By Laila Kearney
NEW YORK (Reuters) - Stock markets around the world sank on Thursday as the arrest of a top Chinese technology executive threatened to strain an already brittle U.S.-China trade relationship, while oil prices fell after OPEC delayed an output decision.
The arrest of smartphone maker Huawei Technologies Co Ltd Chief Financial Officer Meng Wanzhou in Canada for extradition to the United States came as Washington and Beijing prepared for talks aimed at resolving a bitter trade spat.
Sources familiar with the probe told Reuters Meng was arrested as part of a U.S. investigation of an alleged scheme to use the global banking system to evade U.S. sanctions against Iran.
Wall Street tumbled in early trade before paring some losses by the close.
The Dow Jones Industrial Average fell 79.4 points, or 0.32 percent, to 24,947.67, the S&P 500 lost 4.11 points, or 0.15 percent, to 2,695.95 and the Nasdaq Composite added 29.83 points, or 0.42 percent, to 7,188.26.
The pan-European STOXX 600 index lost 3.09 percent and MSCI's gauge of stocks across the globe shed 1.05 percent. MSCI's broadest index of Asia-Pacific shares outside Japan closed 2.04 percent lower, while Japan's Nikkei lost 1.91 percent.
"Clearly, the Huawei CFO arrest was the individual catalyst that caused today’s moves lower," said Mark Hackett, chief of investment research at Nationwide. Canadian authorities late on Wednesday said they had arrested Meng, also the daughter of Huawei's founder, on Dec. 1, the same day that U.S. President Donald Trump and Chinese leader Xi Jinping met at the G20 summit in Argentina.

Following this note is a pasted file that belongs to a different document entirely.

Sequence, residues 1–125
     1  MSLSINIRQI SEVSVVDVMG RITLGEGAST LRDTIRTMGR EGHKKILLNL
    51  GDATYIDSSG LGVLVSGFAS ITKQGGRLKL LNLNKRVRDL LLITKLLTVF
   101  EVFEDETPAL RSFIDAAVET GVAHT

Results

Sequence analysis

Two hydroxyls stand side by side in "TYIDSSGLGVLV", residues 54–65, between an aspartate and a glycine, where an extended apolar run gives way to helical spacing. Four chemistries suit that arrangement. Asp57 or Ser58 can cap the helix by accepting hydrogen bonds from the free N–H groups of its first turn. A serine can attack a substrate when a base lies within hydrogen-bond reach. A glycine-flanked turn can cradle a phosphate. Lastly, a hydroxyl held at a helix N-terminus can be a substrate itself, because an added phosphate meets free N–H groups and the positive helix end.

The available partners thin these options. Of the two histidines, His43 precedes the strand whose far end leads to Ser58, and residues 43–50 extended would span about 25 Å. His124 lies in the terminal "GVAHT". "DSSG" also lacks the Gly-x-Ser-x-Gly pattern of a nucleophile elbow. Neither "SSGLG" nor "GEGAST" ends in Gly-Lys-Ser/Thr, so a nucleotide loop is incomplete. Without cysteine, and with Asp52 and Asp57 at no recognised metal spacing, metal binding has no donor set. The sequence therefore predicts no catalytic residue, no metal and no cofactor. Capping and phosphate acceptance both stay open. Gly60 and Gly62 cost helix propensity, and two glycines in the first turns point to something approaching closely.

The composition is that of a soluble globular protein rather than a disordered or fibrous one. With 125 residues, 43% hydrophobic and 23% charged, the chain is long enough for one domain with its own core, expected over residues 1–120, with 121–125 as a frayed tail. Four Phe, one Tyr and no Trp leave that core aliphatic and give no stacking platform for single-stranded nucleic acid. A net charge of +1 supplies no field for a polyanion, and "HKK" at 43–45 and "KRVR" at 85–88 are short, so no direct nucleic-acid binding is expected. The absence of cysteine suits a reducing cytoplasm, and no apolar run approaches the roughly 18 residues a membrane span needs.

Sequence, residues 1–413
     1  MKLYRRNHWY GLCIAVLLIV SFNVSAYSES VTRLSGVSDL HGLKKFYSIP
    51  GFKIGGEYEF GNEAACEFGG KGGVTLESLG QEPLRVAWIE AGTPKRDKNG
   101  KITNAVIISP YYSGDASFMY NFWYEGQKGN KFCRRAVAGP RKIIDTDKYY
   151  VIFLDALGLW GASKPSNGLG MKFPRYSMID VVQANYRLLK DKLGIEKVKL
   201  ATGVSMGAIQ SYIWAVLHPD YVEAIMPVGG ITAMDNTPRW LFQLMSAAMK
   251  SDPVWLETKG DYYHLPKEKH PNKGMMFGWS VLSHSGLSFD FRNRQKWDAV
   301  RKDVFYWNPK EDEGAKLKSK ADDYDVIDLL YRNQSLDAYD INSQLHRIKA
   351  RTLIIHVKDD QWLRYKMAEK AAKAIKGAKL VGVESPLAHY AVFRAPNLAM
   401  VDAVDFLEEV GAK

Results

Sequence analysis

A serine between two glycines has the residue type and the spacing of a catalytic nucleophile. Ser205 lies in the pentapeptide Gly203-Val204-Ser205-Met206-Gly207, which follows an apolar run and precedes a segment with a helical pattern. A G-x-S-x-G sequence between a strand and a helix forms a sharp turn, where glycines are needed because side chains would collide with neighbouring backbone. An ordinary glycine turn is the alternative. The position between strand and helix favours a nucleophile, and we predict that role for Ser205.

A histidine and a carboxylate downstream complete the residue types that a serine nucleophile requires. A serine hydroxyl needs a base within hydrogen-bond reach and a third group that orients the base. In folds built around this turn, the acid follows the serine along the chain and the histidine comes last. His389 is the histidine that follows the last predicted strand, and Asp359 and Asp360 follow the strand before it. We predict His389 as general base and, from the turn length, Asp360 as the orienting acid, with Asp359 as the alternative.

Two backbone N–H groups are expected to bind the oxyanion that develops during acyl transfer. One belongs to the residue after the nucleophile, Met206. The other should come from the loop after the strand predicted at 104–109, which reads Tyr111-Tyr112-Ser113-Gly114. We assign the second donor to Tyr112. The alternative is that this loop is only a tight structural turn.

The world's two economic superpowers had agreed on a 90-day trade truce period to hammer out a more permanent agreement, which sent global stock markets soaring on Monday. Equities reversed course the next day as uncertainty grew that the world's two largest economies could, in fact, find common ground.
"The potential slowdown in global growth is also something the markets are pricing in," said Art Hogan, chief market strategist at B. Riley FBR in New York.
Earlier this week, shorter-dated yields rose above medium-dated yields for the first time since early 2008, which fanned fears about a U.S. recession in the coming months and also sent Wall Street shares sliding.
U.S. Treasury yields fell, with 10-year yields hitting three-month lows, as worries about U.S.-China trade and Brexit spurred safe-haven bids.
A U.S. derivatives regulator warned on Thursday that uncertainty over Britain’s exit from the European Union is having a "substantial" impact on some U.S. entities and markets.
Additionally, traders scaled back expectations on the number of rate hikes the Federal Reserve would implement amid weakening economic data and market volatility.
U.S. jobs data is due on Friday. If the figures show any serious weakness, markets are likely to react, said Shuji Shirota, HSBC's head of macro economic strategy.
The U.S. dollar fell against major peers on lower Treasury yields and as traders scaled back rate hike expectations.
"The problem for the dollar is really a decline in U.S. yields and fading Fed expectations," said Shaun Osborne, chief FX strategist at Scotiabank in Toronto.
The euro was 0.26 percent higher against the dollar at $1.1373.
Gold prices, which move inversely with the dollar, held near a five-month peak as the greenback and equities slipped.
Oil prices fell nearly 3 percent in choppy trading after the Organization of the Petroleum Exporting Countries ended a meeting without making a decision on crude output.
OPEC met in Vienna to decide on production policy in coordination with other countries, including Russia, Oman and Kazakhstan. The organization said it had agreed on a tentative deal to cut oil output but had not yet come up with a final figure.
U.S. crude settled down 2.65 percent at $51.49 per barrel and Brent was last at $60.06, down 2.44 percent on the day.
(Reporting by Laila Kearney; Additional reporting by Marc Jones, Lewis Krauskopf, Shreyashi Sanyal, Saqib Iqbal Ahmed, Devika Krishna Kumar, Amanda Cooper; Editing by Dan Grebler and Lisa Shumaker)